Procedure to Follow

How long will this take?

It may be just a phone call or visit with the Building Official to find out that you have only a minor repair or minor alteration that requires nothing further. In most cases it involves the time it takes for you or your contractor to complete a Permit Application and for you to secure a Neighbor Notification Form and then to have the project reviewed by the chair of the ARB. However, it can be two months or more if your project is complex and requires a full ARB or Board of Zoning Appeals hearing. 

Here's what you should do and what the City will do.

Call the city's Building Official at Westwood City Hall: 913-362-1550. Make an appointment to to discuss your project. If the Building Official is unavailable for more than a short time, call the current chair of the ARB.  If neither the Building Official nor chair of the ARB is available, call the mayor or a city council person. During your visit the Building Official will evaluate your project. They will explain what procedural steps you will need to follow and, importantly, help you estimate approximately how long the process will take before any permits can be issued. The Building Official will give you the necessary forms your project may require. The Building Official will also explain what responsibilities your contractor, architect, or engineer may have, and what these persons should provide to the City.

Keep in Mind: Projects often change in scope and detail as you work them out with your contractor. Be aware that these changes can, in turn, change the procedural steps and timetable that were  originally set out for you. Keep the Building Official updated as any possible changes in your plans occur.

Permit Application Process For a Project

  1. During the initial visit with the Building Official you discuss the planned work generally and get a Permit Application and Neighbor Notification Form.   
  2. Either you or your contractor files with the Building Official a Permit Application that includes construction drawings (a site plan and architectural drawings and specifications prepared in a professional manner, not just a sketch or schematic.)  These shall be in sufficient detail to indicate the location, nature, and dimensions of the work proposed, as well as specific materials that will be used.  These shall contain enough specificity to establish that the project will meet building codes and city ordinances.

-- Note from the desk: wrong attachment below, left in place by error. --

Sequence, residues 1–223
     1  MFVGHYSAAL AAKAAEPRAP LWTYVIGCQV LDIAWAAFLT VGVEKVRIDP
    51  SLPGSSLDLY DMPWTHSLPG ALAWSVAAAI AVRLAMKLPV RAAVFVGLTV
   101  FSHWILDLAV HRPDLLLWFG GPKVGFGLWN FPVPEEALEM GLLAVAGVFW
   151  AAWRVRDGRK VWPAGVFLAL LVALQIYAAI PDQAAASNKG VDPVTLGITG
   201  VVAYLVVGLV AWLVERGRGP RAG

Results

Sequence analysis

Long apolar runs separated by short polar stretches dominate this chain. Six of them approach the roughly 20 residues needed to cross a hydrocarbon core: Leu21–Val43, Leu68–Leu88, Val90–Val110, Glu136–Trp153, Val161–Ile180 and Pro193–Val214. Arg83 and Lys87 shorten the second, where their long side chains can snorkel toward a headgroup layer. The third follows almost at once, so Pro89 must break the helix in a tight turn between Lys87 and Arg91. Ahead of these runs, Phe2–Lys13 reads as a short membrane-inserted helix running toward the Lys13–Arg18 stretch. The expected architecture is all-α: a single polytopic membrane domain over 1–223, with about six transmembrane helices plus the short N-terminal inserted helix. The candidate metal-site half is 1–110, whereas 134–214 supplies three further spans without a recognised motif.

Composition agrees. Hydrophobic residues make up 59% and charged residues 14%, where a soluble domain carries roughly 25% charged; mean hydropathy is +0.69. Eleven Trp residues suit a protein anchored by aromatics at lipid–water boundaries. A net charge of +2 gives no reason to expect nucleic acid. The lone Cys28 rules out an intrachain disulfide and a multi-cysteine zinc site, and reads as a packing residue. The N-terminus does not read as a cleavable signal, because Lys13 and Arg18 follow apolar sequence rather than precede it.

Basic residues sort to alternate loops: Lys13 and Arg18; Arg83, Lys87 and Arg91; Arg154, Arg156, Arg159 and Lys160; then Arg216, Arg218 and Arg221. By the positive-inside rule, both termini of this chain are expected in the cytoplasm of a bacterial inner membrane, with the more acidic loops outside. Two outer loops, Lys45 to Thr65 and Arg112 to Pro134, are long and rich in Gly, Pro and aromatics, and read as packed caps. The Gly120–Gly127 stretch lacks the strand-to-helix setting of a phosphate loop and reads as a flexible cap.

3. The Permit Application shall also include a completed ARB Neighbor Notification Form with signatures that you have secured from your neighbors.  Your adjacent neighbors sign this form to acknowledge that you have discussed the proposed work with each of them.  Signing the form (a) does not indicate they approve or disapprove, nor (2) does a completed form bypass the need for the Permit Application or for ARB approval. Again, this form indicates only that you've given your neighbors a heads up about what you plan to do so that they can find out more if they wish.
  4. The Building Official then will advise you or your contractor whether the Permit Application filed is complete or whether more detail is needed. 
  5. The Building Official will at that time (if they have not done so earlier) inform you whether your project is of a type that can be approved by the chair of the ARB or whether it will require a full ARB hearing. They will also advise you whether a zoning variance will be needed. 
  6. The Building Official will explain the next procedural steps and the time before a permit can be issued. For example, the ARB keeps open the second Tuesday of the month for hearings, but a legal notice of the hearing must be delivered to all adjacent neighbors five days in advance of that date.  Legal notice will be given only after the Permit Application is fully completed, filed, and accepted by the Building Official.The City issues the legal notice required.  If only review by the ARB chair is needed, she will explain how long that is likely to take.